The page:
Volume cartography

Volume cartography is a software technique for locating and mapping 2-dimensional surfaces within a 3-dimensional object.[1] X-rays can reveal minute details of what is in an object,[2][3] and computer programs can organize the images into layers, a process called volume rendering.

Burned scrolls

Ein Gedi is a community that was destroyed by Byzantine emperor Justinian in 800 AD. The burning of the synagogue reduced its scrolls on parchment to lumps of charcoal. The burned scrolls were discovered by archaeologists during an excavation in 1970. They were so fragile that they disintegrated whenever touched. Various attempts were made to mechanically unwind and read the scrolls, but the scrolls were too delicate.

In 2016, researchers at the University of Kentucky used a computer program to reconstruct the layers of text in a digital X-ray image of the one of the scrolls, known as the En-Gedi Scroll.[4][5]


Volumetric scan

A X-ray microtomography (Micro-CT) scanner creates a 3-dimensional image of the sample. An X-ray scanner can produce a spot as small as 10 microns.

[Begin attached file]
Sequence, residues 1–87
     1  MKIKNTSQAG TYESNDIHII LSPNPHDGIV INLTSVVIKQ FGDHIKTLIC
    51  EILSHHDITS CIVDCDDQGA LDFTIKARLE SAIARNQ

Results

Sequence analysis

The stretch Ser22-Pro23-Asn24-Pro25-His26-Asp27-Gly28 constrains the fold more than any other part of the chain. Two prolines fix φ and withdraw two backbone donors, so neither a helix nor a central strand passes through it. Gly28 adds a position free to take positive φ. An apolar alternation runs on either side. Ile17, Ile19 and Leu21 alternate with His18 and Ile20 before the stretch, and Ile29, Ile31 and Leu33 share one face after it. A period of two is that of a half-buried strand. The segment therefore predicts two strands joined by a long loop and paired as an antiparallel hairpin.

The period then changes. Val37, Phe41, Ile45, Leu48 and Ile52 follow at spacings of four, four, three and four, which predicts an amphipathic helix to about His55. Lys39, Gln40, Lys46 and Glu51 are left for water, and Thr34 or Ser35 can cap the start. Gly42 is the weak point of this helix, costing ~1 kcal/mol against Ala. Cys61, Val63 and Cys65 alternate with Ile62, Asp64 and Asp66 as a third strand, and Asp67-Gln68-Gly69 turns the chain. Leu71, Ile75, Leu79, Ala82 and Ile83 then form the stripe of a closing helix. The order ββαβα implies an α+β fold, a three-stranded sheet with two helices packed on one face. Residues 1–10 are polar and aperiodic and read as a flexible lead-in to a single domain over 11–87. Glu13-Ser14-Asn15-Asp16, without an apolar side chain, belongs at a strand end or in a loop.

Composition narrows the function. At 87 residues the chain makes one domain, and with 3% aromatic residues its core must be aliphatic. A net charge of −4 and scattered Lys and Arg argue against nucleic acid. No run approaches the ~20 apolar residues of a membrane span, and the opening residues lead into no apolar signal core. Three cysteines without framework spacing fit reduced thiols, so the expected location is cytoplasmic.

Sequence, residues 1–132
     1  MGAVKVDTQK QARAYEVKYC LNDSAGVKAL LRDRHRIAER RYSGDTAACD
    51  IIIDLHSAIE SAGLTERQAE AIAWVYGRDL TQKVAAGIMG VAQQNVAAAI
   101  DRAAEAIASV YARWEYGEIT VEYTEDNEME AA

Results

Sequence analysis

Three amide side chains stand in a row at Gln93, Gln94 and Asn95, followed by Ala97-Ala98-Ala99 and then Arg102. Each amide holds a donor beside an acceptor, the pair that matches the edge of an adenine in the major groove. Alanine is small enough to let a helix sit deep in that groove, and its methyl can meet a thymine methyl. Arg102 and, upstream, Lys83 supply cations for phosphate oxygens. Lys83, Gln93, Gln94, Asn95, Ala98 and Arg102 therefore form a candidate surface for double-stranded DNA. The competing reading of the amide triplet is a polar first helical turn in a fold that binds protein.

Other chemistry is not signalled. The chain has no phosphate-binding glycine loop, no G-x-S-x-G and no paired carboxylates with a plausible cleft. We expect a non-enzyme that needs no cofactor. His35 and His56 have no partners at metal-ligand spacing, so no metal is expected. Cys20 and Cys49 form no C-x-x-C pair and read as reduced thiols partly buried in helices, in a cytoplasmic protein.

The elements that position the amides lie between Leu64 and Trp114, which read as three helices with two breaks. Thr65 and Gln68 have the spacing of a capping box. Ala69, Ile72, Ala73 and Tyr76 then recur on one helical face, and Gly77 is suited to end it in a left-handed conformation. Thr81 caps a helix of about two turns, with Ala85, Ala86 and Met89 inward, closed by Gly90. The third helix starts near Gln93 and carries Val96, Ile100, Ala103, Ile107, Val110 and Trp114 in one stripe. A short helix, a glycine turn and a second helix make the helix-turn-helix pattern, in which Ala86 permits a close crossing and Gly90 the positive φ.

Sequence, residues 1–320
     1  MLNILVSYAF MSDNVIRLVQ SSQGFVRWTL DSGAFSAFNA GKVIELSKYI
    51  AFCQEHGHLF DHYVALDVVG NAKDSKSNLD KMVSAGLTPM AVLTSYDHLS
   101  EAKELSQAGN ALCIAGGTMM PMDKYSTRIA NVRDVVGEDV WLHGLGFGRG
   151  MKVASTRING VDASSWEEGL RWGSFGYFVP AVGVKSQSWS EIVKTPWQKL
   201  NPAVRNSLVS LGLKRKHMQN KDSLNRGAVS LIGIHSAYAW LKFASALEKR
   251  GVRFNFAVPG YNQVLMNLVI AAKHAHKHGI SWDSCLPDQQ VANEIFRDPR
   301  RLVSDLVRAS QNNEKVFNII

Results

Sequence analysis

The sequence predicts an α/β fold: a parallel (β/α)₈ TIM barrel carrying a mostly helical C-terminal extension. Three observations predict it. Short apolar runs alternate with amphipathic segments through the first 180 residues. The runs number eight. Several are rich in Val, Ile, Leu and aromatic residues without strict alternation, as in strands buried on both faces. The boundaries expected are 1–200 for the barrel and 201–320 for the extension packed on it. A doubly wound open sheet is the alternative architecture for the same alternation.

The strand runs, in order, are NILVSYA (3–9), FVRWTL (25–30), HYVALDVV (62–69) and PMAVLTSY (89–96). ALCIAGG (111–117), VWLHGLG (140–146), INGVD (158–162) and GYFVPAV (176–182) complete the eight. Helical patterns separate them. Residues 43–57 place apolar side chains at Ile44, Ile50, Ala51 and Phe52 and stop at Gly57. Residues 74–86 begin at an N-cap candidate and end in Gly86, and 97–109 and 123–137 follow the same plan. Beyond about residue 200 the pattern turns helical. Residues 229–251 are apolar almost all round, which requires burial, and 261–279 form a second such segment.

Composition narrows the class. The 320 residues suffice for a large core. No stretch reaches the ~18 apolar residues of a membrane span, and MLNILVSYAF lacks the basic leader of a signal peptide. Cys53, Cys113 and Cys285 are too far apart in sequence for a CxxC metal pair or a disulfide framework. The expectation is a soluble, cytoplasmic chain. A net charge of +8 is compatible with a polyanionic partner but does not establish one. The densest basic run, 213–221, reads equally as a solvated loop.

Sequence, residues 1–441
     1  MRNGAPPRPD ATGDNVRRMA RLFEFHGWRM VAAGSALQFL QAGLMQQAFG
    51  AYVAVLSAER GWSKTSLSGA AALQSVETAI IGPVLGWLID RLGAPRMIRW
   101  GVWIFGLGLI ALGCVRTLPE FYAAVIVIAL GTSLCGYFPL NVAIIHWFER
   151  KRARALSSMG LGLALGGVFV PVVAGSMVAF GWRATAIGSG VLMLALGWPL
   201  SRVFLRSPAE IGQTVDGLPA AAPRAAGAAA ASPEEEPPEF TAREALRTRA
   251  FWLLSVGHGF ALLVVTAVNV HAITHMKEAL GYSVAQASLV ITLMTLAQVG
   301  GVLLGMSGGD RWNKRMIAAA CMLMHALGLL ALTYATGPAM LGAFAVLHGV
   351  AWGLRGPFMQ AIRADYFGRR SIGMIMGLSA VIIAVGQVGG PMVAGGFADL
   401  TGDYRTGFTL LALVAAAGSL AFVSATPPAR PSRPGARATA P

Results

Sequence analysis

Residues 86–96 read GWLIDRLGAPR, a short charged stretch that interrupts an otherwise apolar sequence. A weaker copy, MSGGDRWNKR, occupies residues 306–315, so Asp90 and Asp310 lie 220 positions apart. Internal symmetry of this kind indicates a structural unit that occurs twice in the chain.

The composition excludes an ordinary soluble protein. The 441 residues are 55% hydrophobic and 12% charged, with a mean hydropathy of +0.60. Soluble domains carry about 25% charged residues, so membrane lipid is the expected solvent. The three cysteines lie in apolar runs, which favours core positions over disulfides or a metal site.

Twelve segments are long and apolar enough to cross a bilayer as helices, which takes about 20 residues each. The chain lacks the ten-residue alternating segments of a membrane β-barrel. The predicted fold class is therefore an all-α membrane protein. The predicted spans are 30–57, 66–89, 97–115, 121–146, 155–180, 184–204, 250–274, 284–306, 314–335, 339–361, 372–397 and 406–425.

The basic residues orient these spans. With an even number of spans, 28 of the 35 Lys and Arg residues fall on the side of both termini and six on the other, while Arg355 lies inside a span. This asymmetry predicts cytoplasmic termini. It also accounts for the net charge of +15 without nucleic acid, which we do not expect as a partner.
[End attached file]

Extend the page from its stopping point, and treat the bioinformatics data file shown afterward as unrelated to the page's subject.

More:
Surfaces are found and broken into small triangles, resulting in a triangular mesh defining the surface.


Each point in the mesh is assigned a weight, indicating the likelihood that the point contains writing.


The mesh surface is mapped onto a plane.


The pieces of the recovered surface are assembled into a single image.


  1. "Digitally unwrapped scroll reveals earliest Old Testament scripture". Science X. September 21, 2016. Retrieved September 22, 2016.
  2. Mocella, Vito; Brun, Emmanuel; Ferrero, Claudio; Delattre, Daniel (2015). "Revealing letters in rolled Herculaneum papyri by X-ray phase-contrast imaging". Nature Communications. 6: 5895. doi:10.1038/ncomms6895. ISSN 2041-1723.
  3. Nicholas Wade (January 20, 2015). "Unlocking Scrolls Preserved in Eruption of Vesuvius, Using X-Ray Beams". The New York Times. Retrieved September 22, 2016.
  4. Nicholas Wade (September 21, 2016). "Modern Technology Unlocks Secrets of a Damaged Biblical Scroll". The New York Times. Retrieved September 22, 2016.
  5. Seales, W. B.; Parker, C. S.; Segal, M.; Tov, E.; Shor, P.; Porath, Y. (2016). "From damage to discovery via virtual unwrapping: Reading the scroll from En-Gedi". Science Advances. 2 (9): e1601247–e1601247. doi:10.1126/sciadv.1601247. ISSN 2375-2548.

This article is issued from Wikipedia - version of the 9/24/2016. The text is available under the Creative Commons Attribution/Share Alike but additional terms may apply for the media files.